“So it seems that you are doing well, aren’t you?”

“Oh yes, quite well. Puzzle’s doing fine as well.  I had to take her to the vet, though, she had  little lump on her.  Fortunately, it turned out to be all fine though. The vet said it wasn’t anything to worry about.”

“I’m having the secretary type up the note as we speak. So you should be all set.”

“Oh thanks. I didn’t want to trouble you.”

“I hope the note says what you need it to say.” (secretary walks in with note. Doctor hands note to me and I read it.)

I say to her, “Oh yes, this is just fine.”

She says, “If it isn’t, let me know.”

“I want to thank you so, so much for understanding, and taking the time to do this.  I appreciate it very much.”

And so on.  All nice charm.

And so, I stopped by to see my manager.  No mention to the doctor that my neighbors hated me since the day I moved in for no reason and have been hostile to me. It all seemed unnecessary. So I went to the manager on Monday, and made an appointment to see him the following afternoon.

I showed up bright and cheery.  My usual quiet demeanor.  As usual, I remarked on how lovely his office is, how sunny and scenic the view, etc.  And of course, more commentary on the weather.  We New Englanders often speak of weather cuz there’s really nothing else to chit-chat about.  It’s an interesting topic.  This winter has sucked bad anyway. Of course, I didn’t word it that way. I was cute about it.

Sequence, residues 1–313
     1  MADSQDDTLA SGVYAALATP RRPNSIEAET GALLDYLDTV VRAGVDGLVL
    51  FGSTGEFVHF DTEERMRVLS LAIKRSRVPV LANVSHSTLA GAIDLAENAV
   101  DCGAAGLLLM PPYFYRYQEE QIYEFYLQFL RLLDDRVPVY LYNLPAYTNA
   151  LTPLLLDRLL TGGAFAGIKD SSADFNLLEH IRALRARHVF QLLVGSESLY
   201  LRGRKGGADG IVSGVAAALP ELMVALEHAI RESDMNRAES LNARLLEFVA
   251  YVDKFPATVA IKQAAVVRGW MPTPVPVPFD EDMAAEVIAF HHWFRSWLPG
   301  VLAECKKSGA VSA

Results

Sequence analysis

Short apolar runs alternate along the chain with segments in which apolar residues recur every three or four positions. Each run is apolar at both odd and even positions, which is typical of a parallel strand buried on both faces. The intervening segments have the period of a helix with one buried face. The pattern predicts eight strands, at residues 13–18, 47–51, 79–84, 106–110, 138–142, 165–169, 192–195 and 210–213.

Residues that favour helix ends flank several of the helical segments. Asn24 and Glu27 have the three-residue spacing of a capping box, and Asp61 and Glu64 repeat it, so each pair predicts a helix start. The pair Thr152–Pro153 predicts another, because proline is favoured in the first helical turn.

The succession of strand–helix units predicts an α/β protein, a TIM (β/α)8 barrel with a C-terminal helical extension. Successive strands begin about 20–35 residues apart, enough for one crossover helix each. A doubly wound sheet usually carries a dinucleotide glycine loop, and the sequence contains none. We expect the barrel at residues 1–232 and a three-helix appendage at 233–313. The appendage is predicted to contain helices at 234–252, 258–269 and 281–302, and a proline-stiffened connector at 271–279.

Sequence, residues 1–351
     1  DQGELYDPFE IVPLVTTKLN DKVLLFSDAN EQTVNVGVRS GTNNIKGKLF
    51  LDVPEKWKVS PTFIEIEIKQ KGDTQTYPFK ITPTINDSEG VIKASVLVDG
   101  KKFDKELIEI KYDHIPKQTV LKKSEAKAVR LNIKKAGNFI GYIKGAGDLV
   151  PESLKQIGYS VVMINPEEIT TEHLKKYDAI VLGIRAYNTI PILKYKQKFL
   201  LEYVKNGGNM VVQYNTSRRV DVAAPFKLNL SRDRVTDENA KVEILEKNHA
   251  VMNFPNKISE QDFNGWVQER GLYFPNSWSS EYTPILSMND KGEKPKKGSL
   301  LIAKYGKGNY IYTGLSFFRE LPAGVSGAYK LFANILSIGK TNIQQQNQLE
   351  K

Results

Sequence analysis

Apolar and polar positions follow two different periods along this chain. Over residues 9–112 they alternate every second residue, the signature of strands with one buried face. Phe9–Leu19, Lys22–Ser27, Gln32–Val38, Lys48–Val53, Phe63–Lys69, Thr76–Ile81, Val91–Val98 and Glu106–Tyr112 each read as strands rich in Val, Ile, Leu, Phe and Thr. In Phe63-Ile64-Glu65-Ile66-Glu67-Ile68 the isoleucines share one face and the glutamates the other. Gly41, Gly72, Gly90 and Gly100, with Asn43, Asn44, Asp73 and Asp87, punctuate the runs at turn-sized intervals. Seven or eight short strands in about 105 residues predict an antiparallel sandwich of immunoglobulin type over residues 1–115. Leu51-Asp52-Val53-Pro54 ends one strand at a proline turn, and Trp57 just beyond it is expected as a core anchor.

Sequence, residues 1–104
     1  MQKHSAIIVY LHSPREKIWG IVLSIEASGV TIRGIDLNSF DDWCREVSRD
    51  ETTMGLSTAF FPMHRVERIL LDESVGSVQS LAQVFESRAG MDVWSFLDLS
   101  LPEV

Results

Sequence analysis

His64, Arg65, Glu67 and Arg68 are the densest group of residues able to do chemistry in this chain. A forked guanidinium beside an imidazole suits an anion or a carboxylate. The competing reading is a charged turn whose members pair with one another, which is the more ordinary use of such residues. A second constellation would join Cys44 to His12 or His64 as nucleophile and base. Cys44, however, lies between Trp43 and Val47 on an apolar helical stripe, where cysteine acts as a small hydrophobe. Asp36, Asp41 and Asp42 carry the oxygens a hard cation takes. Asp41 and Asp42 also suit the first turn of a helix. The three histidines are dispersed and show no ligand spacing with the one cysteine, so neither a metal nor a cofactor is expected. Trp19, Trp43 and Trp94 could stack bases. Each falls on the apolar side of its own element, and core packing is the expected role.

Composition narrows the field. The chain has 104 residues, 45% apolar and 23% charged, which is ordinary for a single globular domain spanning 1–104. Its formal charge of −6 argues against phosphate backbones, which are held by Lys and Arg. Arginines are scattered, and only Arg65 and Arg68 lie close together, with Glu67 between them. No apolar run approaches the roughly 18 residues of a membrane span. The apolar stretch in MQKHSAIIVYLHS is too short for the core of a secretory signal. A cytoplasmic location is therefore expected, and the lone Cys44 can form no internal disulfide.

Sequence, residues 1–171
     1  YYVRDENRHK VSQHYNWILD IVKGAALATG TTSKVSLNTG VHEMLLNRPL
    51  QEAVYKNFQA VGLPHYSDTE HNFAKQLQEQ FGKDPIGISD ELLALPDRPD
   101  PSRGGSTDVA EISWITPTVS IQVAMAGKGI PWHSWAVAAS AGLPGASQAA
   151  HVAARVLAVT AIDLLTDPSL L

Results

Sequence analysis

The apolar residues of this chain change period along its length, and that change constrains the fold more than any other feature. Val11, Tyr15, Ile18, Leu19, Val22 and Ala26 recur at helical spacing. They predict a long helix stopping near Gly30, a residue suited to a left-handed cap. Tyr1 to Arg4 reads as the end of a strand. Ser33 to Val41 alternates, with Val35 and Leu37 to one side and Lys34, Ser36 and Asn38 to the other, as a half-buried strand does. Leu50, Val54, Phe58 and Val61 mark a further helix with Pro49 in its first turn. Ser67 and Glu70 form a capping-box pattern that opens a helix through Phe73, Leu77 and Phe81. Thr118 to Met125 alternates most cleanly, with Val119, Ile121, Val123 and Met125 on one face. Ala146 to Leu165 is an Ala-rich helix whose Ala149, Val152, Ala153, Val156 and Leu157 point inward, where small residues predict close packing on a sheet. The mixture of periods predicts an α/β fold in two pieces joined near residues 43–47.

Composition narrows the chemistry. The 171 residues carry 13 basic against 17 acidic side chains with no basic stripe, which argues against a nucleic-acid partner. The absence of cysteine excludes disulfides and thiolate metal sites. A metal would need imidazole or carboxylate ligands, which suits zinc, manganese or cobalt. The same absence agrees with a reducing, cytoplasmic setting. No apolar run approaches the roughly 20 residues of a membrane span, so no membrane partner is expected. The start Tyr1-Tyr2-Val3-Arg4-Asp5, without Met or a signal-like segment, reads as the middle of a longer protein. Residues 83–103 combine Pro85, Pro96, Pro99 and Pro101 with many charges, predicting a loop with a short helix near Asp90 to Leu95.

Then, wouldn’t ya know it, my manager was the one to bring up The Topic.  Cuz he knew I was coming to talk about it. Was I glad I had moved there…or not?  I said, “This is what I came to talk about.”  I told him it was “too noisy” where I live and told him all the reasons.  First I asked him if he often was down my end of the hall.  He wasn’t.  I listed all of them off the top of my head.  I was honestly rather surprised.  He knew about the televisions but wasn’t aware of the garage noise. I also mentioned the sneezing, as example of how thin the walls are and how easily sound travels  through them.  He takes me seriously and this move is bound to happen.  I had to officially fill out an application, but I believe that now that I’ve spoken to him, the ball will indeed get rolling. I attached the doctor note, which of course was necessary for this to happen. There has to be a medical reason or some other reason to request a transfer.  I will receive an official response in three weeks. After that, I will wait for an opening and then accept or decline what is offered to me.

I did this just in time.  Our manager has known me over 20 years. He’s seen my health decline since I’ve moved to this building.  A new manager wouldn’t know that. This current manager is retiring at the end of the month.  Yep, just in time.

We shall see.  I will be relocating a few blocks from where I currently live.

You know what I’m gonna do? When I move into my new home, I’m gonna do something I have never done, not once since I left my mom and dad’s home at 17.  I’m gonna put up my own mezzuzzah.

The mezzuzzah is what us Jews put up on the front of our homes, on our gates. Know what it means to me?  It means, “I live here.”  Never mind what else.